Indeed, time has zipped by for members of the 1998 team affectionately known as "The Beasts of the East." Only four players from that team went on to play college baseball. And of those, only Gaynor and Todd Frazier, teammates for a year at Rutgers, now play professionally. The rest found occupations in other fields.
But Monday night's Mid-Atlantic Regional title game win over Council Rock Newtown helped put things into perspective. "It's unbelievable it's been 12 years," said Frazier, 24, a shortstop and first-round draft pick of the Cincinnati Reds in 2007. "Some of those kids on this year's team were just being born [in 1998]. It's kind of cool. They're doing the same thing we were doing."
From 1995 to 1999, Toms River went to Williamsport an unprecedented three times, including back-to-back in 1998 and 1999.
Even current Toms River National player Kevin Blum, who hit six straight home runs in the regional, knows the history. "We're very aware of those teams," Blum said. "We know all about Todd Frazier and Casey Gaynor."
Frazier, who now plays for the Louisville Bats, the Reds' triple-A affiliate, holds those memories dear. In fact, he can give a play-by-play account of critical moments in the final games leading up to the Little League World Series.
He still remembers his performance at the plate in the 12-9 title win over Japan - 4 for 4 with a home run and an intentional walk.
"One of the best games I've ever played," Frazier said, laughing. "I didn't really want that game to end, to be honest, because we were enjoying it so much. It really was incredible.
"At that time, we didn't think anything of it. It was just my best friends playing baseball, and after the game we'd go to the pool or to someone else's house. It was great, just a bunch of young guys having fun."
After the team won in 1998, they appeared on talk shows and enjoyed celebrity status. Frazier remembers the reaction afterward when he received congratulatory letters postmarked from Hawaii to China.
"It was awesome," he said. "We didn't know how much impact on the United States and New Jersey this had at that time. There were parades after parades. It was like we just woke up the United States a little bit and everyone was into the Little League World Series that year. We got to be on a lot of shows. We met a lot of people. It was an unbelievable time."
Coverage of this year's regional tournament also sparked reminders of the camaraderie on the 1998 team, particularly when ESPN showed the Little League Eastern Region complex in Bristol, Conn. - from the dorms and swimming pool to the cafeteria.
"We had a special bond," Gaynor said. "Not just playing, but also what we did off the field on our down time. We spent, like, three months together, seeing each other every day. And we ended up doing something special that year. I know it's something we'll always cherish."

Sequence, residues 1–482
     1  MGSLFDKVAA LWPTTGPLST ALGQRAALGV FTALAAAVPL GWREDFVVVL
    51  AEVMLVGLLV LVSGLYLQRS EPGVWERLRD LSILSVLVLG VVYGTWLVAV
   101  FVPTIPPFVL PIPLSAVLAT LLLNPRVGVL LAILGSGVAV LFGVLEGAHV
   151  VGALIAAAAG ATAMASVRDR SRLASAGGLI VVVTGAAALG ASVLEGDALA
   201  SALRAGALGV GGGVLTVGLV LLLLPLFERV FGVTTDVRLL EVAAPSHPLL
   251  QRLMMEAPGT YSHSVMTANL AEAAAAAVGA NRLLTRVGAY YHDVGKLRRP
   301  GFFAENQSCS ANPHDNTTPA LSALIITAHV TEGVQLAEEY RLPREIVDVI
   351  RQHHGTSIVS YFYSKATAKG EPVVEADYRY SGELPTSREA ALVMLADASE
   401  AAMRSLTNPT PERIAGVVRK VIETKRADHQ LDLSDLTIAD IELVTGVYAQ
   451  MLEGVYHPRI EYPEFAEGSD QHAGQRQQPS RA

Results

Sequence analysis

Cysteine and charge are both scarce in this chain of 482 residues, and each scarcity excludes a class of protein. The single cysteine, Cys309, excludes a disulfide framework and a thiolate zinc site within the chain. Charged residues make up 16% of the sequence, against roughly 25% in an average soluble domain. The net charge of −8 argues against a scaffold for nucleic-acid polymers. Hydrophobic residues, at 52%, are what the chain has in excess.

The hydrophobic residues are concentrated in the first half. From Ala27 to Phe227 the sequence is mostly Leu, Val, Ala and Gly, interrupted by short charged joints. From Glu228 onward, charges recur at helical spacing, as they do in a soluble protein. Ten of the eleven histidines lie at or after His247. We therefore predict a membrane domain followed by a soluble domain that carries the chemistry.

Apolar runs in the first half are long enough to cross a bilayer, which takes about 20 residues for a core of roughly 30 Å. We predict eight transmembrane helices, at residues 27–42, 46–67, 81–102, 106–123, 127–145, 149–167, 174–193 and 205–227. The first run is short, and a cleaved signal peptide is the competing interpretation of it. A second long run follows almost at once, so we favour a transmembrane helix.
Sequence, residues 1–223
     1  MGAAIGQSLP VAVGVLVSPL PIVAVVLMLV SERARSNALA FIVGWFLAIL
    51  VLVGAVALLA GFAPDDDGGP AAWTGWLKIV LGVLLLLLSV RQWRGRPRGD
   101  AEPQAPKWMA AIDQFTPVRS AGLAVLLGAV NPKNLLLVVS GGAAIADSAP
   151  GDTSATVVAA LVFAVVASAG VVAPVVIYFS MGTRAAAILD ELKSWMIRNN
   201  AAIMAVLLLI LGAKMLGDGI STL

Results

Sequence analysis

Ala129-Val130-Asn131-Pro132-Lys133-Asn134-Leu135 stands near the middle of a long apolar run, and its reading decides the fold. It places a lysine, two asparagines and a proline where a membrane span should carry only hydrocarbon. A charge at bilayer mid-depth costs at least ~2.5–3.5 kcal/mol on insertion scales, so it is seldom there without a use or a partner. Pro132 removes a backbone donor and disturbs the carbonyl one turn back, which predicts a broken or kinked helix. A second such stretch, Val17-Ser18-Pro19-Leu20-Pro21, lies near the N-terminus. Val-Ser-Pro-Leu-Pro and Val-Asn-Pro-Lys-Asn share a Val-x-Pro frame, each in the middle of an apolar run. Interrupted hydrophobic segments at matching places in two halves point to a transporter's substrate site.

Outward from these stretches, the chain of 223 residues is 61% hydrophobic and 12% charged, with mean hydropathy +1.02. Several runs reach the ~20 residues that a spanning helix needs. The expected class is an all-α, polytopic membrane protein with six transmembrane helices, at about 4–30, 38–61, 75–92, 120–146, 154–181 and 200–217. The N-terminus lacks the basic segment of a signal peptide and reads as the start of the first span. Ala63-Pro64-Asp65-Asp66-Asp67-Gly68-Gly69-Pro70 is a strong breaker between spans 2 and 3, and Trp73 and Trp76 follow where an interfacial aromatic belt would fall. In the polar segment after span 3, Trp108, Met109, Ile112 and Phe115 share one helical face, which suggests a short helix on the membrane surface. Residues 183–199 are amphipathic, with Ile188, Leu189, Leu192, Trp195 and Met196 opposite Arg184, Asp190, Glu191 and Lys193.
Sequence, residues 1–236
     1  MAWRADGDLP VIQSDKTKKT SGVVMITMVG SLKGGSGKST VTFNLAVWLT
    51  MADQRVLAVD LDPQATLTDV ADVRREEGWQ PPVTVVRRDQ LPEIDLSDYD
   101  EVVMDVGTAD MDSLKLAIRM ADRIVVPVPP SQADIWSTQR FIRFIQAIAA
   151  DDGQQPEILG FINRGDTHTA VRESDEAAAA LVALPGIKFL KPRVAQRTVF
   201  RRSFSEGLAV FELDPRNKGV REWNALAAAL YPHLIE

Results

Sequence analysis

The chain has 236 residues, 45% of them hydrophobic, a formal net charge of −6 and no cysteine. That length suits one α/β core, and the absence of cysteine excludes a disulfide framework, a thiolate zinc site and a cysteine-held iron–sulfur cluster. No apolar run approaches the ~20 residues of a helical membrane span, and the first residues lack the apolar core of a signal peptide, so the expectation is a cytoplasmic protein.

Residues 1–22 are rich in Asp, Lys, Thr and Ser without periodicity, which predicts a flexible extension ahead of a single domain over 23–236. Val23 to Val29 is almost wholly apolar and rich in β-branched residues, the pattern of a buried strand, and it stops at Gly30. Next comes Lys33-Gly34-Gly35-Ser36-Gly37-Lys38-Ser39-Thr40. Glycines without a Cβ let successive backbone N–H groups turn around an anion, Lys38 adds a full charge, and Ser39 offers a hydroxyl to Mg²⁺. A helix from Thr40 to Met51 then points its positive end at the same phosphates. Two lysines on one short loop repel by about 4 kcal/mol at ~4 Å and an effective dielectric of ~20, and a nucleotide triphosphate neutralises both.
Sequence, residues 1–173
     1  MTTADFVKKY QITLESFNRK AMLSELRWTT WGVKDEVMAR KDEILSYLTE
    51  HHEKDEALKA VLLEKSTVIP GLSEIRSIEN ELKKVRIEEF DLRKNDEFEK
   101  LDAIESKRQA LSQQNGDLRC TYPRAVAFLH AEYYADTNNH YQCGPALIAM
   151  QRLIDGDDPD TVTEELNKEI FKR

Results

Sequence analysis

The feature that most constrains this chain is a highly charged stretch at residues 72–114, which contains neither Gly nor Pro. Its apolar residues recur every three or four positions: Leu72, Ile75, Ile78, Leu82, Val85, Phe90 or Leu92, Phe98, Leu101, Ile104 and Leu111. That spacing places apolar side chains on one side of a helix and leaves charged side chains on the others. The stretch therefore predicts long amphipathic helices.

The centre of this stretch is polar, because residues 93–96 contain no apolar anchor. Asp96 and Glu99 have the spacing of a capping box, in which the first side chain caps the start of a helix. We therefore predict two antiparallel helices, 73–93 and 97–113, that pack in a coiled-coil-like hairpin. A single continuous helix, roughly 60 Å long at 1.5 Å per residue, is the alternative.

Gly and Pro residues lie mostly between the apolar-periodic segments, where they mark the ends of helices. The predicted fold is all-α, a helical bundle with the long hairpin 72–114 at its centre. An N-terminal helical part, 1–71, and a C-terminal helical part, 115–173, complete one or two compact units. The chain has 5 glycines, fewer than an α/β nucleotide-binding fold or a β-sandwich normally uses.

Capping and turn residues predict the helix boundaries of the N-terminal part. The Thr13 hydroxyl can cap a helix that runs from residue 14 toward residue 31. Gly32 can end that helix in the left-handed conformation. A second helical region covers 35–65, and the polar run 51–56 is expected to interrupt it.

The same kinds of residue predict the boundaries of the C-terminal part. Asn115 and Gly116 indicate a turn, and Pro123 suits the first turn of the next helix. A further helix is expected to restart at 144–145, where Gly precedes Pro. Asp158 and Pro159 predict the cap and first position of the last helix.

Though the communication isn't as frequent as it once was, the players take solace in knowing they're only a phone call - or a text message - away. There's also the chance they'll run into each other in Toms River, where many of the players' families still live.
As Frazier remembers it: Brad Frank, who became involved in UFC martial arts, is now a police officer; Joey Franceschini, who graduated from Rowan University, is an undercover officer; and Gabe Gardner, a body builder, works as a bouncer at an Atlantic City casino.
"I don't want to say we all went separate ways," Gaynor said. "We all just did different things after [Little League] baseball. But I could always call those guys and see what they're doing. And they could always call me if they need anything and I'll be there."
Frazier and Gaynor remained close throughout high school - Frazier went to Toms River South, Gaynor to Toms River East. And that bond was strengthened when the two went to Rutgers.
"That was cool to play with each other for a year," said Gaynor. He was only 11 when he started the championship game in 1998 that Frazier finished. Gaynor was the star of the team that lost in the U.S. title game the next year.
"He's a great guy and a good pitcher," Frazier said of Gaynor. "Out of all the guys, I probably see him the most."
So with Toms River National set to play Saturday morning at 11 against Hamilton, Ohio, Frazier said he would encourage players to look around and treasure the moment, as he did over a decade ago.
"You're playing in front of tons of fans and they're screaming your name, cheering. It's fun," he said. "It'll be the last time they play in a little stadium - the best stadium for a 12-year-old. Just enjoy each other's company and have as much fun as possible, because it only happens once."
Contact staff writer Mario Aguirre at 215-854-4550 or firstname.lastname@example.org.